Cantabria announces ban on fracking as ecologists triumph

Spain is set to enact its first regional ban on producing natural gas using hydraulic fracturing, yielding to objections from environmental groups that so-called fracking risks polluting drinking water.

In the northern Cantabria region, where energy companies say much of Spain’s gas exists in shale rock, the Parliament plans to vote April 8 on suspending the contested drilling technique “as long as current doubts on the technology remain,” according to the bill on the government’s website.

All political parties in the region supported the law in a March 21 debate.     

BNK Petroleum Inc. and R2 Energy Inc. of Canada are among companies hoping to use fracking to shatter shale in Spain and tap what their trade group last month said may be enough gas to meet 70 years of national demand.

While environmental protests led to a fracking ban across the border in France, in Spain opponents have failed in provinces except for Cantabria, where an estimated $100 million of exploration projects are forecast.

“We are talking about the one area in Spain where the most resources could be found,” Angel Camara, dean of Official Mining Engineers College in Madrid, said in a phone interview. “They are closing the door to what could be a hugely important economic opportunity for the country.”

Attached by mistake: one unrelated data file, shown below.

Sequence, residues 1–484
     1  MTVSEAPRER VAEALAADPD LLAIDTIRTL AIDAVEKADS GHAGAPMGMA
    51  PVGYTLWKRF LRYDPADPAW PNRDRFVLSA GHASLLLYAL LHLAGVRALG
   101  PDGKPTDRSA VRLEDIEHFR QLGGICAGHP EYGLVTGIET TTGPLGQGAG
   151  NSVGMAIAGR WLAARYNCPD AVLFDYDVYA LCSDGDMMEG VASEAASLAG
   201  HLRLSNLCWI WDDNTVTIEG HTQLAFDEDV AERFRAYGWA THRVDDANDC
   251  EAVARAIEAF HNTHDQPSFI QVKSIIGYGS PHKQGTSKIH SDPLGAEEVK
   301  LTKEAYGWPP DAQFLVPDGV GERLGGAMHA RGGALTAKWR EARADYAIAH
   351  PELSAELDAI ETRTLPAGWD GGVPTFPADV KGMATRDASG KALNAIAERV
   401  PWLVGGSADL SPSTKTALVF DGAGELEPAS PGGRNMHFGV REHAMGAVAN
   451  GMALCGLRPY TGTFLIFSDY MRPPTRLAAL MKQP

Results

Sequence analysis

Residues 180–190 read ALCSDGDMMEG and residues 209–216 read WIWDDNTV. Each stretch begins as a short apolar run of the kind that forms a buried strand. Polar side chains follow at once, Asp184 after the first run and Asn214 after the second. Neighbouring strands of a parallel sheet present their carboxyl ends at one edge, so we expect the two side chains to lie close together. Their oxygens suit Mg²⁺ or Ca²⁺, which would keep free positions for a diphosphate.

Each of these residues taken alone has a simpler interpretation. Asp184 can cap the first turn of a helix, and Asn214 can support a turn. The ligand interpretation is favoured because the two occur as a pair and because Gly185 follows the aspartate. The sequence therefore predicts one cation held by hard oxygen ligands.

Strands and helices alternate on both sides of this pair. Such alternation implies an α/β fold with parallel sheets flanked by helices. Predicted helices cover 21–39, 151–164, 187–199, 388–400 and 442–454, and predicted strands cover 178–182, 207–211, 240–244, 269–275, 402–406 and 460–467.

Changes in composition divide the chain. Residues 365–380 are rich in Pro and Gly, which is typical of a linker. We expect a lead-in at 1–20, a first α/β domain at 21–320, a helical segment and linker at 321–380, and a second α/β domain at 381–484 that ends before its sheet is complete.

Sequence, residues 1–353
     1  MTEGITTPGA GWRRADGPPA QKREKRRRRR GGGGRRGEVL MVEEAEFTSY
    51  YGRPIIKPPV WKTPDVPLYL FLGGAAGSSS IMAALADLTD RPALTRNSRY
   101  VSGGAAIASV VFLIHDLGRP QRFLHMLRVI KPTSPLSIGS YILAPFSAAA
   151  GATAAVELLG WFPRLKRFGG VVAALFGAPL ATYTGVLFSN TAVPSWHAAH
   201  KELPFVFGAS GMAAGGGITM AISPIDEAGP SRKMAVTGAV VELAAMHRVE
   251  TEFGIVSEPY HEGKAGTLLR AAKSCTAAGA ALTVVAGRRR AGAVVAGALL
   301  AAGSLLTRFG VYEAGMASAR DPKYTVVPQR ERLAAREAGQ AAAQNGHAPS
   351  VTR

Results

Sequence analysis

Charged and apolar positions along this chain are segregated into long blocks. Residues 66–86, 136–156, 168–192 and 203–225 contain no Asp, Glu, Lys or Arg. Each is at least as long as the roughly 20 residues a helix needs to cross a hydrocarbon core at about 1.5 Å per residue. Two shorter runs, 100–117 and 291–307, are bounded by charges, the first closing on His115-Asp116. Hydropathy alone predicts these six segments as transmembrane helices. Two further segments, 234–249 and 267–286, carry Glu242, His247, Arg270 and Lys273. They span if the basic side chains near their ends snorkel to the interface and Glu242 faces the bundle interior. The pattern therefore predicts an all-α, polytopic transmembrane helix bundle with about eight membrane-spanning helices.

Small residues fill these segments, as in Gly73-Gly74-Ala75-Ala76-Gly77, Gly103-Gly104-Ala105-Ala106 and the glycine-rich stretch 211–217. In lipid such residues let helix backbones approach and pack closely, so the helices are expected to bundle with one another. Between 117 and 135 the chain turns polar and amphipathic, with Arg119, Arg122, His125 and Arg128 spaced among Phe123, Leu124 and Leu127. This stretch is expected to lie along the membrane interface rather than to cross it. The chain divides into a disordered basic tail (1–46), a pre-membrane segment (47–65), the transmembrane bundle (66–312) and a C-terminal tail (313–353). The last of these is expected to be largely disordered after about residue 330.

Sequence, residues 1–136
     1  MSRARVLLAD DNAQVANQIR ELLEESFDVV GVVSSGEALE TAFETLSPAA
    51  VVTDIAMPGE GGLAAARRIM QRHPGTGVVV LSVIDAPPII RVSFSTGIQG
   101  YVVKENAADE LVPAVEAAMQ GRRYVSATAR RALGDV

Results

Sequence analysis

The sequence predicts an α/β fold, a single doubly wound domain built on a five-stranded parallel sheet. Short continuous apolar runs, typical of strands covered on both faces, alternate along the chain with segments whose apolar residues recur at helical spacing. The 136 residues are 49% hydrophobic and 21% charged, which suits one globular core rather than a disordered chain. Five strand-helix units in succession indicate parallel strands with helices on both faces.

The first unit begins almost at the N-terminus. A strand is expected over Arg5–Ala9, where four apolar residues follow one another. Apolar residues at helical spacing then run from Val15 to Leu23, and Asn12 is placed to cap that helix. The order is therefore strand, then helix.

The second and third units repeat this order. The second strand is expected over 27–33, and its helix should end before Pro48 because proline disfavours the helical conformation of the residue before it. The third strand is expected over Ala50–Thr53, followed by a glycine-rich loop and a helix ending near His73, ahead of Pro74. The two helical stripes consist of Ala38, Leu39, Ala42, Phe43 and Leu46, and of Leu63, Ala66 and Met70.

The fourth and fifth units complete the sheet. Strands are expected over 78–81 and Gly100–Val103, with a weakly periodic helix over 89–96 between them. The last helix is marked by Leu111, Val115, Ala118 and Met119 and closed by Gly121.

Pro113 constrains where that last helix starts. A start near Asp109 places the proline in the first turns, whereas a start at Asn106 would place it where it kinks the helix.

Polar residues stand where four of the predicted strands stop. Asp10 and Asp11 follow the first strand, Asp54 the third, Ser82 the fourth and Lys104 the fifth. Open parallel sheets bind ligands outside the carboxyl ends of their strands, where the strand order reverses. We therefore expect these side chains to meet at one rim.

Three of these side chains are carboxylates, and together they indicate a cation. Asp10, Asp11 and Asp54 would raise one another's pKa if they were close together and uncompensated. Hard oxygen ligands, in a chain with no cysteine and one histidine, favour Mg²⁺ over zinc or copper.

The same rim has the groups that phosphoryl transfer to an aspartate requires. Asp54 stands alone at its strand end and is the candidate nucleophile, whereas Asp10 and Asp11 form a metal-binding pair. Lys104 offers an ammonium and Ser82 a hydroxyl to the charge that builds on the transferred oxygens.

About 202 exploration test wells have been drilled in the basin shared by Cantabria and the adjoining Basque region that has drawn “the most interest by oil and gas companies,” according to a March report from the Spanish National Association of Oil and Gas Companies, known as ACIEP.

‘Without Remorse’

The relatively abundant rainfall and rivers of the Basque and Cantabria regions will facilitate fracking, which can inject as much as 30,000 cubic meters of water with sand and chemical additives at high pressure to free gas trapped in shale rock, according to Camara, who co-wrote a study by Spain’s Council of Mining Engineers.

Industry Minister Jose Manuel Soria, a member of the ruling Popular Party, in February said Spain will pursue opportunities involving hydraulic fracturing “without remorse” as long as they comply with environmental restrictions.

Inigo Fernadez, the Cantabrian Popular Party’s spokesman, said he would vote in “defense of our patrimony” and against fracking in a March 21 parliament debate.

Underground water sources can be contaminated due to uncontrollable gas flows and fracking fluid spillovers, according to a 2011 European Parliament study.

Streamline Permits

“I believe there is work to be done with the two levels of government to streamline the process” of getting permits, Craig Steinke, CEO of R2 Energy, which has applied for three permits to produce shale gas, said in an e-mailed response to questions. Steinke says the region holds “high potential.”

More than 100 million euros ($128 million) will be invested in Cantabria just for exploration projects in the area, according to data from Shale Gas Espana, an industry backed forum. Once a company obtains a permit to explore, it can take about five to six years for production to start.

Even if the law were to pass, it “offers little or no security,” said Josue Bilbao, a member of Cantabria’s Anti-fracking Assembly, because it will only prevent companies from producing the gas, not from continuing their exploration efforts. “No one lays the foundation for a house they don’t expect to build,” the group said in a note.

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